As was the case with the men, the leading women players all had the benefit of extraordinary coaching. Williams might not have turned her year around without Patrick Mouratoglou. Sharapova would have been hard pressed to collect a second French Open singles crown if Sven Groenefeld had not been in her coaching corner. There were many other formidable coaches out there all year long, doing their jobs competently, sometimes not getting the credit they deserved.

My choice for women’s Coach of the Year was not difficult. Eugenie Bouchard had made significant strides in 2013, rising from No. 144 at the end of the previous year all the way up to No. 32. That was impressive to say the least. But what she did in 2014 was much more laudable. The Canadian turned 20 in late February, less than a month after reaching her first semifinal at a major in Melbourne. Bouchard also advanced to the semifinals of the French Open before losing a hard fought contest with Sharapova on the clay, and then went all the way to the final of Wimbledon, losing to an unbeatable Kvitova on one of the lefty’s golden days.

Bouchard did not have a good second half of the year. But she finished the season at No. 7 in the world, and in my view her coach Nick Saviano was one of the primary reasons why Bouchard was so successful. He was an invaluable advisor and clinician. He was her biggest believer. He was awfully good at what he did. Now he has moved on to other endeavors. But in my mind Saviano was clearly the women’s Coach of the Year for 2014.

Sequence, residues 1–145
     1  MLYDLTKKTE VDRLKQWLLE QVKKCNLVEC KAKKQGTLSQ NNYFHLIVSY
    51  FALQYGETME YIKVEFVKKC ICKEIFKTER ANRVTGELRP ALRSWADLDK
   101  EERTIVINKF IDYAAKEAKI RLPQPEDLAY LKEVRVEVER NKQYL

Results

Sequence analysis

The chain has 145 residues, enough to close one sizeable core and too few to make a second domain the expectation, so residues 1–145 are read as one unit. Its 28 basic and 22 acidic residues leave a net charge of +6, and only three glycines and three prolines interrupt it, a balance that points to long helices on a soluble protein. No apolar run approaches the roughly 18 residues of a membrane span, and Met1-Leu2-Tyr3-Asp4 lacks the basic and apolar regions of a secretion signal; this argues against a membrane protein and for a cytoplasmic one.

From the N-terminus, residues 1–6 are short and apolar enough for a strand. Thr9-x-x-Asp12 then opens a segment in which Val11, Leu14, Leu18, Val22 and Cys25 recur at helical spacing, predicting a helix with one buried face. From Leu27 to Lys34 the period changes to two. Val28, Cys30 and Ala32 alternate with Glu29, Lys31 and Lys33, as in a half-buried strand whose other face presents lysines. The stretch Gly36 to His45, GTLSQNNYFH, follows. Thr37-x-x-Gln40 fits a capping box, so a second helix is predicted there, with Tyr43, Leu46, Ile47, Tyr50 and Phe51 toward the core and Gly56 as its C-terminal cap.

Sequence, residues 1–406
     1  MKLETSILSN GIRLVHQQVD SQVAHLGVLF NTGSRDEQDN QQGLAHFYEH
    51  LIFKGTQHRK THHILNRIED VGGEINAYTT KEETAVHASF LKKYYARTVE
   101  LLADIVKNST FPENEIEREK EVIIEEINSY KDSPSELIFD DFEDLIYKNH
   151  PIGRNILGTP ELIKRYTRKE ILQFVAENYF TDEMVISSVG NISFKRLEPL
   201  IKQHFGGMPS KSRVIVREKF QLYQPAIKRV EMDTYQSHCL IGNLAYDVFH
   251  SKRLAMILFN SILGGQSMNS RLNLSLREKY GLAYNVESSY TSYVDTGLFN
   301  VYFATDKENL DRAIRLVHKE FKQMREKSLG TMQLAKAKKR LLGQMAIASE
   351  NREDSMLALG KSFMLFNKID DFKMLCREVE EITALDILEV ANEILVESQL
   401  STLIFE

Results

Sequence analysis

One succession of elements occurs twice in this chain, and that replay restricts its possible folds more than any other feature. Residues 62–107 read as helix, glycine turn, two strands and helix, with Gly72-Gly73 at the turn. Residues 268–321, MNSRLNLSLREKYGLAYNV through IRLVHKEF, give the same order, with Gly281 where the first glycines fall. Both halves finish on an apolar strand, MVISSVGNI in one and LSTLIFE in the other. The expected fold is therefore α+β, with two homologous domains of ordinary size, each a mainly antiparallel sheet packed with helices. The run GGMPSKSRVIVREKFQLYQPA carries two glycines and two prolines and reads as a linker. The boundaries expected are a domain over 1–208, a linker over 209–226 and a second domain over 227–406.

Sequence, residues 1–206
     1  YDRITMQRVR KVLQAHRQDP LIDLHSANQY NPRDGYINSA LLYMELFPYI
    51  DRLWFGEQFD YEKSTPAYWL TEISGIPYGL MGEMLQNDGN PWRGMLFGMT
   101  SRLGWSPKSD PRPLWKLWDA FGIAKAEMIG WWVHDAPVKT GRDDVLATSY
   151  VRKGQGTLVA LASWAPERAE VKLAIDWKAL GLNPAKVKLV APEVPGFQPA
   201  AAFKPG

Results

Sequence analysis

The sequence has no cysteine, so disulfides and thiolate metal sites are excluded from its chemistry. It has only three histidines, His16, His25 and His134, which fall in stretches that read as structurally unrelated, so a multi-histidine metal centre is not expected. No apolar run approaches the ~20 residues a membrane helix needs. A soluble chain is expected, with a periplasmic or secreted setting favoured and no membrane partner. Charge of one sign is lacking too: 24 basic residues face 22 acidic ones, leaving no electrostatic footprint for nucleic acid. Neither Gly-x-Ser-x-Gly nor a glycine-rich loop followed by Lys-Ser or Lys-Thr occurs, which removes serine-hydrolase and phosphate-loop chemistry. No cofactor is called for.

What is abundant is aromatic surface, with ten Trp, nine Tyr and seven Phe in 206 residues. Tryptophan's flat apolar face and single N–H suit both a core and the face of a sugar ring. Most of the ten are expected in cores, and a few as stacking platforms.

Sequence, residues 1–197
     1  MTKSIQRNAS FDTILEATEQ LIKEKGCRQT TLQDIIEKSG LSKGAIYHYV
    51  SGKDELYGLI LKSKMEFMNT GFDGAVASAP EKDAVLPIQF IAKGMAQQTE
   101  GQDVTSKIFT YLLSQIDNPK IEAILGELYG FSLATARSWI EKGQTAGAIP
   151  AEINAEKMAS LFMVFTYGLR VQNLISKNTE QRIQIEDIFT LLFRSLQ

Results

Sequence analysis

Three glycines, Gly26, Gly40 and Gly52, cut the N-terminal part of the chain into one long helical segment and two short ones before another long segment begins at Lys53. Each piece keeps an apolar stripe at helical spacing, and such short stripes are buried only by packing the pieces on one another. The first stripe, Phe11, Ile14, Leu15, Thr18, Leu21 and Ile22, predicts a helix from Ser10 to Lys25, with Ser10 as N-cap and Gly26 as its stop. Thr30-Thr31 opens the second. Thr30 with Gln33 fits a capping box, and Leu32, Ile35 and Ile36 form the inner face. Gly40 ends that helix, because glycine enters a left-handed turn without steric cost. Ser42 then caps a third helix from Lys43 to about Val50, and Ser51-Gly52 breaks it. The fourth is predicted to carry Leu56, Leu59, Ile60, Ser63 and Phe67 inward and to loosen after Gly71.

I am not sure why, but Novak Djokovic has an enduring image as a brash and egotistical player who could sometimes offend colleagues and fans in his younger days. That image has no bearing on the reality of the Djokovic who stands today in the forefront of the game. They say that a player defines himself most meaningfully in the hard face of defeat rather than in the comfort of victory. When a great player loses, the sting of failure can be almost unbearable at times. The best competitors are expected to win with regularity, to come through steadily when it matters the most, to translate talent into success time and time again.

Djokovic has dealt well with those lofty expectations—both his own and those of his growing legion of boosters. But his propensity for handling defeats has been second to none in his profession. The year 2014 was no exception to that rule. He lost a heartbreaker to Wawrinka in the quarterfinals of the Australian Open, coming out on the wrong end of a 9-7 fifth set. He lost his second French Open final to Nadal in the spring, and that was the fifth time in his last six major title round matches that the Serbian had been beaten.

Djokovic held back Federer in the Wimbledon final for his seventh career Grand Slam tournament title, but then was ushered out of the U.S. Open semifinals by Nishikori on an oppressive day. Plainly, Djokovic was not himself, and could not impose his physicality as he surprisingly wilted in the heat. But, typically, he offered no excuses when it was over, stressing that the conditions were the same for both players. He saluted Nishikori for a sterling performance. He conducted himself the way we wish champions always would when they lose big matches—with class, restraint and character.